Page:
Constructive DescriptionLogics: what, why and how?       Valeria de Paiva    Intelligent System Lab   Palo Alto Research C...
Outline   Motivation   Textual Inference Logic   Constructive description logic I   Constructive description logic II...
An applied logician’s job is neverdone…   When modeling an implemented system as a    logic you can start from the system...
Motivation: Logic for TextUnderstanding   A logic for reasoning about questions and    answers using formulae automatical...
Architecture: The Bridge System            XLE/LFG Pa                                                 TargetText          ...
Key Process: Canonicalization ofrepresentations   Sentences are parsed into f(unctional)-structures    using XLE   F-str...
PRED fire<Ed, boy>Abstract KR: “Ed fired the boy.”               TENSE past                                               ...
Canonicalization helps matching   Argument structure:    – Mary bought an apple/An apple was bought by Mary.   Synonyms ...
Textual Inference Logic (TIL)   A contexted version of a description logic    with concepts and roles   Cyc concepts: Pe...
Ed fired the boy. context(t), instantiable(‘Ed##0,t), instantiable(boy##3,t), instantiable(fire##1,t), role(Agent,fire##1,...
So far starting from the system…                   For off-the-shelf                    logical systems:                  ...
TIL as logic of contexts?   Context as Constructive Modality    (Context2003/CRR2005)   But TIL constructive and context...
What Are Description Logics?   A family of logic based Knowledge Representation    formalisms    – Descendants of semanti...
DL Basics   Concepts (formulae)    – E.g., Person, Doctor, HappyParent, (Doctor t Lawyer)   Roles (modalities)    – E.g....
Description Logics: Translation asDefinition   DL can be defined via translation t1 into FOL   DL can be defined via t2 ...
DL Basics   Concepts (unary predicates)    – E.g., Person(x), Doctor(x), HappyParent(x), …   Roles (binary relations)   ...
DL Basics   Concepts (propositional formulae)    – E.g., Person, Doctor, HappyParent, (Doctor t Lawyer)   Roles (modalit...
Constructive Description Logic viaTranslation   DL can be defined via t1 translation into FOL   To constructivize it tra...
Constructive Description Logic I: IALC   Basic idea: translate description syntax using t1 into    IFOL, instead of FOL ...
Constructive Description Logic II: iALCand cALC   Basic idea: translate description syntax using    t2 into constructive ...
Constructive Description Logic II: iALC   Note that translation t2 into constructive    modal logic is the same for both ...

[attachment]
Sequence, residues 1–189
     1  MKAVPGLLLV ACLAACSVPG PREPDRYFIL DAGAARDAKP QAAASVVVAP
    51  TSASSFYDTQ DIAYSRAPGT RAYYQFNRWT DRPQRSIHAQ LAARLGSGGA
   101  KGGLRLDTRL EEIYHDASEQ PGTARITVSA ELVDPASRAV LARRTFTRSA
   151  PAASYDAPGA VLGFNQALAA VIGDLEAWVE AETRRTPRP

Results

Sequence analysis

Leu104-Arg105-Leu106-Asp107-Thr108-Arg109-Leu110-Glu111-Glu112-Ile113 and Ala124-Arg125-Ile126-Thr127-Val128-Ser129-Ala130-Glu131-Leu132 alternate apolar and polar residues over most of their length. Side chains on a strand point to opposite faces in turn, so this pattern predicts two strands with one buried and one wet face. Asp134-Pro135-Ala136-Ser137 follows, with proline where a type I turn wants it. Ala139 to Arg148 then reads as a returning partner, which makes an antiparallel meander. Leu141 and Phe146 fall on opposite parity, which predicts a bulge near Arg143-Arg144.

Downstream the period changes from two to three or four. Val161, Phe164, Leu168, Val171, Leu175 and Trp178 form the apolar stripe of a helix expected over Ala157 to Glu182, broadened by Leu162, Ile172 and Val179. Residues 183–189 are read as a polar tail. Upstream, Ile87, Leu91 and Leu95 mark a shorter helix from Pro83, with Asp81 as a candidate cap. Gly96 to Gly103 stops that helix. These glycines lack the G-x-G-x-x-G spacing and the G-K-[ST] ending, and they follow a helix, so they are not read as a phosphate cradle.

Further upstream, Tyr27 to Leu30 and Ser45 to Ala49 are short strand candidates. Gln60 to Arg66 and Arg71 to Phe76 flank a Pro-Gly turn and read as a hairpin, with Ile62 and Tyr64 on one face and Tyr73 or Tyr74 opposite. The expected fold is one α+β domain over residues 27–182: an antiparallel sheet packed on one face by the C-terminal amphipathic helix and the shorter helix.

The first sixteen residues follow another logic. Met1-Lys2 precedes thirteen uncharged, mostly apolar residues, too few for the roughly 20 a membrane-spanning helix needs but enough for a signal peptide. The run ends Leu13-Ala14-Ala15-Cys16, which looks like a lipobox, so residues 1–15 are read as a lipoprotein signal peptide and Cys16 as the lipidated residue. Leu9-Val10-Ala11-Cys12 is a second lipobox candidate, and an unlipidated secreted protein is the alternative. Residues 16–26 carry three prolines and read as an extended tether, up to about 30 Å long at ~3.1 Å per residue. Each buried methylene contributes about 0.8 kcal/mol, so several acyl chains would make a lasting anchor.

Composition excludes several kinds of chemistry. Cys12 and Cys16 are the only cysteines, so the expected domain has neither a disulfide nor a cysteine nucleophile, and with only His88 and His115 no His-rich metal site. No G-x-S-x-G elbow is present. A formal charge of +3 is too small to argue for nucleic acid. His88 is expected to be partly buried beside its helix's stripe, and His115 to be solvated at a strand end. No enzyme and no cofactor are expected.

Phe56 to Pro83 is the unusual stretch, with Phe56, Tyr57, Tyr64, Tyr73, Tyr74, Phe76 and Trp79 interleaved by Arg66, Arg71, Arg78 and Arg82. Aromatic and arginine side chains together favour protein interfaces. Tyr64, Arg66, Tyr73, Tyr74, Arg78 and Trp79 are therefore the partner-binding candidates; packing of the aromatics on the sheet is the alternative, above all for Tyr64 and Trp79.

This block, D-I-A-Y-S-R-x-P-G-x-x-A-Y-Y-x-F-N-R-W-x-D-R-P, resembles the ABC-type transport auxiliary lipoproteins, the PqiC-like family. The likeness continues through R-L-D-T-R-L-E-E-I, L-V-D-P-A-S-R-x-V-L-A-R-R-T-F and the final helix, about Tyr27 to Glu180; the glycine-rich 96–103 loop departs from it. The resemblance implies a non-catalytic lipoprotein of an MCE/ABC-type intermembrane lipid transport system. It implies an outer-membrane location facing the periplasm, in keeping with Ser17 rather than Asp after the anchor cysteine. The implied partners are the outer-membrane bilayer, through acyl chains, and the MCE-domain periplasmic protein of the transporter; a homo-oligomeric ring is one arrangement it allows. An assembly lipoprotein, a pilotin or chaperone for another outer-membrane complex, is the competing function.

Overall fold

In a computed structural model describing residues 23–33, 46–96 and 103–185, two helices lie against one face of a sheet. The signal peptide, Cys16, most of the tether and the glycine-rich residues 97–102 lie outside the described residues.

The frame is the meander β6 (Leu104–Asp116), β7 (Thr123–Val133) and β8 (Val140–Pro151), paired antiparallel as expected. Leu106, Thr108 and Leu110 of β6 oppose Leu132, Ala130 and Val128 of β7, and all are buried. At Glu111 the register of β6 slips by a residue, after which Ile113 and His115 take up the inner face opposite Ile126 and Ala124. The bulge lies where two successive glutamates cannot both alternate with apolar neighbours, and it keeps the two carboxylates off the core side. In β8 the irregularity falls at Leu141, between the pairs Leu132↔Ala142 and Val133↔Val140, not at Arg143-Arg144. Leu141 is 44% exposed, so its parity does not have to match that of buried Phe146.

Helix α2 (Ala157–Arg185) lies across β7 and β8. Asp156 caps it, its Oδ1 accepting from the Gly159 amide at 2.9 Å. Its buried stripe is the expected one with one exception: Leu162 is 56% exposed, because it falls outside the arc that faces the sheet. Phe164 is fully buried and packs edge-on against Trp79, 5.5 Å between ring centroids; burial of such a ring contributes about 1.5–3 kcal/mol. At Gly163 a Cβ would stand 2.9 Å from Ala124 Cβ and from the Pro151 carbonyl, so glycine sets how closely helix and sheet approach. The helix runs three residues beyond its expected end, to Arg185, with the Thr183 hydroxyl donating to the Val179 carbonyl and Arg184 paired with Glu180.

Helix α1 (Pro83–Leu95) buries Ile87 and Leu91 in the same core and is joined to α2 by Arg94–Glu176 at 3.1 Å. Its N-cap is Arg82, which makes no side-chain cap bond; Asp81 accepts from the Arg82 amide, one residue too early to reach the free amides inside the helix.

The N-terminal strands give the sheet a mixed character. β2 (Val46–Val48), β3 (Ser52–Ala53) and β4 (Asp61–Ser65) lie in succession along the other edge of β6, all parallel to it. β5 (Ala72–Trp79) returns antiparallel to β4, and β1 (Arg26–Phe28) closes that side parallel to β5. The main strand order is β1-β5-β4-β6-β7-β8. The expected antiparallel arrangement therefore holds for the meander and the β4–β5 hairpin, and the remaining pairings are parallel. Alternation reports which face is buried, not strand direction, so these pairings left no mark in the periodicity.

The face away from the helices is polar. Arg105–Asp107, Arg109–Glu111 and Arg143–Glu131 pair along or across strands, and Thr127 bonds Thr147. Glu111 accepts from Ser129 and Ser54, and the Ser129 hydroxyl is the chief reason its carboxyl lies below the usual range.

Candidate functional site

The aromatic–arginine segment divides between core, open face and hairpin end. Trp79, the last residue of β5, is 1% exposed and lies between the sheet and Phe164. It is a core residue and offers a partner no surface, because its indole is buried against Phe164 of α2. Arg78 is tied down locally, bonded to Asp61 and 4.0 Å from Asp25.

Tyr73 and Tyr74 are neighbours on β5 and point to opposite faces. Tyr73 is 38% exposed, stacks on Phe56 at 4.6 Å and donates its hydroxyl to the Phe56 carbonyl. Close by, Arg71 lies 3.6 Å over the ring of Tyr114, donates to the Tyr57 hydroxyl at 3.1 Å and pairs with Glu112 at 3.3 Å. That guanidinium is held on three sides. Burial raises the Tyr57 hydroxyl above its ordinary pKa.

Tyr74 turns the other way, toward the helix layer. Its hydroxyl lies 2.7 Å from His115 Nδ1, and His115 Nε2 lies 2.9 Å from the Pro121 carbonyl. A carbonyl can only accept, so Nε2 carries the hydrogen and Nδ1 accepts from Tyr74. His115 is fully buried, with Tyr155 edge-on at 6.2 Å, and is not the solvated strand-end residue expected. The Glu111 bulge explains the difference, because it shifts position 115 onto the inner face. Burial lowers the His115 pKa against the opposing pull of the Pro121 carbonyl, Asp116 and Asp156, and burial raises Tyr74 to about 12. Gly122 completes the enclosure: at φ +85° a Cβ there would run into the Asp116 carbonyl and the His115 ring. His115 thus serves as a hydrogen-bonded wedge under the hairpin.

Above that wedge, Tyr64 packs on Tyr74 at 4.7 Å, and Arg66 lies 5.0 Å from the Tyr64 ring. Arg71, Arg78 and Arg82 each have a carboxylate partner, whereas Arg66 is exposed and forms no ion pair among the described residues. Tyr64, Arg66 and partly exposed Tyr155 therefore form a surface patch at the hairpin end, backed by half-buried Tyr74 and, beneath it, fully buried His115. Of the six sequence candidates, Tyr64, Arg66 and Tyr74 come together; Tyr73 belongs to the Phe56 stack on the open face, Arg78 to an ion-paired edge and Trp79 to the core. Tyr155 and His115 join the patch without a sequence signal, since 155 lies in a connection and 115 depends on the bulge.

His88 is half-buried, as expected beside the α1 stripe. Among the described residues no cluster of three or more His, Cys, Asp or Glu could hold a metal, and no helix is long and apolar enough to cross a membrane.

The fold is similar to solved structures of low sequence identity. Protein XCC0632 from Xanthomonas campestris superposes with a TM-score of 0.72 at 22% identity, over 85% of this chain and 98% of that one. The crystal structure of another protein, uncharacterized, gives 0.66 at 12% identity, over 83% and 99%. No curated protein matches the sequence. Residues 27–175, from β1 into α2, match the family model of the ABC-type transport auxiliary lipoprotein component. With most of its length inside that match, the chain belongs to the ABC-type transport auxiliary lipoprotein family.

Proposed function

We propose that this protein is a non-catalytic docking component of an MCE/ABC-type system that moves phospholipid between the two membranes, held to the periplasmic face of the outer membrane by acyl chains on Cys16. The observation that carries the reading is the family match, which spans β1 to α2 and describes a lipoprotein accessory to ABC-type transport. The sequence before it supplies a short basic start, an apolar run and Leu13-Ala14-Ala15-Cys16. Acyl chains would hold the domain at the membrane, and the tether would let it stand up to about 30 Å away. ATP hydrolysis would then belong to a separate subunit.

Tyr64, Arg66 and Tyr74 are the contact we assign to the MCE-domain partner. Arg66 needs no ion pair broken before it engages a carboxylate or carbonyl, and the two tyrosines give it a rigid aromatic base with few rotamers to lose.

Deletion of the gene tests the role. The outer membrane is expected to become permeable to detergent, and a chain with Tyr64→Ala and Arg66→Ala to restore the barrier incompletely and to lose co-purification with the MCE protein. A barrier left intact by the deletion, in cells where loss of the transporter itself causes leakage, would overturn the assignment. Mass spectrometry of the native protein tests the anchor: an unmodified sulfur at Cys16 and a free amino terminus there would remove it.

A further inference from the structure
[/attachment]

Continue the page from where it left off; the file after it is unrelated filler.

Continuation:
Constructive Description Logic II:cALC   For cALC, can use our work on an extended    Curry-Howard isomorphism for constr...
Related Work   Odintsov and Wansing’s “Inconsistent-    tolerant description logic I and II”    – Motivation is paraconsi...
Discussion   This is very preliminary   While it is true that constructive reasoning multiply    concepts, there should ...
References   Natural Deduction and Context as (Constructive) Modality (V. de    Paiva). In Proceedings of the 4th Interna...
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Constructive Description Logics 2006

  1. 1. Constructive DescriptionLogics: what, why and how? Valeria de Paiva Intelligent System Lab Palo Alto Research CenterCRR 2006 – Riva del Garda
  2. 2. Outline Motivation Textual Inference Logic Constructive description logic I Constructive description logic II Related work Discussion
  3. 3. An applied logician’s job is neverdone… When modeling an implemented system as a logic you can start from the system Or you can start from logics that could fit it Hopefully the two meet up…
  4. 4. Motivation: Logic for TextUnderstanding A logic for reasoning about questions and answers using formulae automatically created from texts in English Logic used both to create logical representation of information and to answer/solve/infer questions How? Build upon decades of work on NLP at PARC
  5. 5. Architecture: The Bridge System XLE/LFG Pa TargetText r sing KR Mapping KRR F-structure Semantics Abstract KR Sources Assertions Match M M InferenceQuestion Query Transfer semanticsLexical Functional Grammar Textual Inference Glue semantics TextAmbiguity management Logics
  6. 6. Key Process: Canonicalization ofrepresentations Sentences are parsed into f(unctional)-structures using XLE F-structures are (somewhat) semantic representations Transform f-structures into (flat and contexted) transfer semantic structures, (inspired by Glue, needed to ‘pack’ semantics) Transform transfer sem-structures into abstract (contexted) knowledge representation AKR structures Today: Discuss logics for AKR structures
  7. 7. PRED fire<Ed, boy>Abstract KR: “Ed fired the boy.” TENSE past SUBJ [ PRED Ed ] PRED boy OBJ DEF +(subconcept Ed3 Person)(subconcept boy2 MaleChild)(subconcept fire_ev1 DischargeWithPrejudice) Conceptual(role fire_ev1 performedBy Ed3)(role fire_ev1 objectActedOn boy2)(context t)(instantiable Ed3 t) Contextual(instantiable boy2 t)(instantiable fire_ev1 t)(temporalRel startsAfterEndingOf Now Temporal fire_ev1)
  8. 8. Canonicalization helps matching Argument structure: – Mary bought an apple/An apple was bought by Mary. Synonyms and hypernyms: – Mary bought/purchased/acquired an apple. Factivity and contexts: – Mary bought an apple/Mary did not buy an apple. – Mary managed/failed to buy an apple. – Ed prevented Mary from buying an apple. – We know/said/believe that Mary bought an apple. – Mary didn’t wait to buy an apple. A Basic Logic for Textual Inference (Bobrow et al, July 05)
  9. 9. Textual Inference Logic (TIL) A contexted version of a description logic with concepts and roles Cyc concepts: Person, MaleChild,, DischargeWithPrejudice, etc.. Cyc Roles: objectActedOn, performedBy, infoTransferred, etc Dynamic concepts like Ed3 and fire_ev1 WordNet/VerbNet as fallback mechanisms Limitations  move to new ontology WordNet/VerbNet
  10. 10. Ed fired the boy. context(t), instantiable(‘Ed##0,t), instantiable(boy##3,t), instantiable(fire##1,t), role(Agent,fire##1,‘Ed##0), role(Theme,fire##1,boy##3),subconcept(‘Ed##0,[[7626,4576]]),subconcept(boy##3,[[10131706],[9725282],[10464570],[9500236]) (A1, subconcept(fire##1,[[1124984],[1123061],[1123474]])), (A2, subconcept(fire##1,[[2379472]])), temporalRel(startsAfterEndingOf,Now,fire##1)